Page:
Translate this page into  
Translation by GO! Network

Tiny harp

The Parson's Revels

The Parson's Revels
William Dunkin (1709-1765)

William Dunkin (1709-1765) was educated at Trinity College, Dublin, where he came to the notice of Swift. He became headmaster of Portora Royal School, Enniskillen. Seamus Deane calls him "probably the most underrated poet of eighteenth-century Ireland". His highly regarded burlesque The Parson's Revels (published posthumously in 1770) presents a set of characters representing the different levels of contemporary Irish society. This excerpt describes the harper Murphy, who claims ancestry from the great O'Neills of Ulster, clashing with Oaf, a Presbyterian landlord.

    At flowing bumpers who can carp,
    Or in his jovial humour warp?
    Then fill your glasses: — tune your harp,
                   O Murphy.

    This Murphy, strolling up and down,
    Had been a harper of renown,
    And Bard as eloquent, as Crown,
                   Or Durphy. [two minor playwrights]

    About O Neal he kept a pother,
    For why, he was his foster-brother,
    Begotten on a base-born mother,
                   A Spinster.

    But, though reduc'd to live by strings,
    Greater than great O Neal he brings
    His father's blood from antient kings
                   Of Leinster.

    As ladies fair, of taste refin'd,
    Their petted linnets often blind
    To make them sing the sweeter, kind-
                   ly cruel.

    To strike his mind with visions bright,
    And give his hearers more delight,
    Melpomene depriv'd of sight [the Greek Muse of tragedy]
                   This jewel.

    Quoth Oaf, I hate him and his kin,
    To hear his music is a sin;
    For bringing such a rebel in
                   Small thanks t'ye.

    His harp is hollow; so is he;
    Both make one popish jubilee:
    What can he play, but Garran-buoy,
                   Or Planksty?

    At this O Murphy, like a nag
    Spurr'd to his mettle, would not lag:
    Quoth he, 'I am na ribil rag-

    But of dhe reight Hibarnian seed,
    Aldough mey fadhir cud nat reed,
    Nat lek yur black fanatic breed,
                   You puffin'…

    His voice was brazen, deep, and such,
    As well accorded with High-dutch,
    Or Attic Irish, and his touch
                   Was pliant.

    Dubourg to him was but a fool, [A noted violinist in Dublin during the 1730s and 1740s]
    He play'd melodious without rule,
    And sung the feats of Fin Macool,
                   The giant.

    He sounds in more majestic strains,
    How brave Milesians with their skanes [Irish scian, 'knife']
    Had butcher'd all the bloody Danes
                   Like weathers. [castrated rams]

    While Bryan Borough with a yell [the king of Ireland who defeated the Danes at the battle of Clontarf, 1014]
    Flat on the bed of honour fell,
    When he might sleep at home as well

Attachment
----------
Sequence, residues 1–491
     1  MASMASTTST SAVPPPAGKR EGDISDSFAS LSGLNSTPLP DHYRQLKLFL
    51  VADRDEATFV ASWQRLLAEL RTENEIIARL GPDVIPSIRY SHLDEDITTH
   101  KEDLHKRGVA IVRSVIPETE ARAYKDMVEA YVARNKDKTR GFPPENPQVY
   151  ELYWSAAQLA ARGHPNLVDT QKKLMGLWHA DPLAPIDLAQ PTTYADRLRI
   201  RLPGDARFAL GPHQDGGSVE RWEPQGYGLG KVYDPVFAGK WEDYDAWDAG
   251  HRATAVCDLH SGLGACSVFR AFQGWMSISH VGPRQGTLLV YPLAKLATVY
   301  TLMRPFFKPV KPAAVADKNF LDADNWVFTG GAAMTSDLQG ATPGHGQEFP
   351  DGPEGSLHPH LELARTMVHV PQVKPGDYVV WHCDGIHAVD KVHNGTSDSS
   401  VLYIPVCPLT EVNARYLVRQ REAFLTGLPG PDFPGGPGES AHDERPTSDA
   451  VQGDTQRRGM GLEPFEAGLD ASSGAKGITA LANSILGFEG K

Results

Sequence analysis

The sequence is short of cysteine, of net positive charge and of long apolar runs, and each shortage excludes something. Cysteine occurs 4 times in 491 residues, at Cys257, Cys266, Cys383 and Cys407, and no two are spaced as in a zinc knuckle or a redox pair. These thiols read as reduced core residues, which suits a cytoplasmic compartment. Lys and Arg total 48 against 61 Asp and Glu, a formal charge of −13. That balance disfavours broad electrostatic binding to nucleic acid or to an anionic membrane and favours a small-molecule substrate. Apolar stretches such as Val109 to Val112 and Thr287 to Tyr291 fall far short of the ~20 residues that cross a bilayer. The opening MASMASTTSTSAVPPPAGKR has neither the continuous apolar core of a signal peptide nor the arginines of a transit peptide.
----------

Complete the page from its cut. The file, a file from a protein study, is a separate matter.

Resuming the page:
On feathers:

    He celebrates with lofty tone
    Tyrconnel, Desmond, and Tyrone [Irish earls]
    Renown'd O Neal, who shook the throne
                   Of Britain;

    O Donnel, fam'd for whisky rare,
    And then, O Rowrk, thy noble fare [Carolan's Pléaráca na Ruarcach]
    Of sheep and oxen, with — no chair
                   To sit on …

    At last, though much against his heart,
    His tongue and fingers act their part,
    Displaying with Orphean art,
                   And cunning,

    How WILLIAM cross'd the Boyn to fight, [William of Orange, William III of England]
    And how King James had beaten quite [James II, who lost the Battle of the Boyne, 1690]
    His hot pursuers out of sight —
                   By running.

    He plays, and sings it o'er and o'er,
    Encore, quoth Denison, encore! [another Presbyterian guest at the feast]
    One Williamite would rout a score
                   Of trimmers.

    Nassau, with bays immortal crown'd, [William III was also count of Nassau in Germany]
    Nassau, Nassau the guests resound;
    The GLORIOUS MEMORY flows round
                   In brimmers.

Seamus Deane, ed.
The Field Day Anthology of Irish Writing, Volume 1
Derry, 1991
pp. 446-447

Return to the harp poem index.

Kells headGo to the Irish traditional music index page.

Kells head Go to the traditional music instruments index page.

BookGo to music encyclopedia directory

Hearth Go to The Standing Stones home page

Lighthouse Go to the Standing Stones Site Map (listing of the entire contents of this website)

Stonehenge border

STANDING STONES is registered with the United States Patent and Trademark Office as a federal service mark. Unauthorized use of this mark for performing live or recorded music, or providing music-related information over the Internet, in interstate commerce in the United States, is prohibited. For full details on the activities covered by this mark, consult the US Patent and Trademark Office database.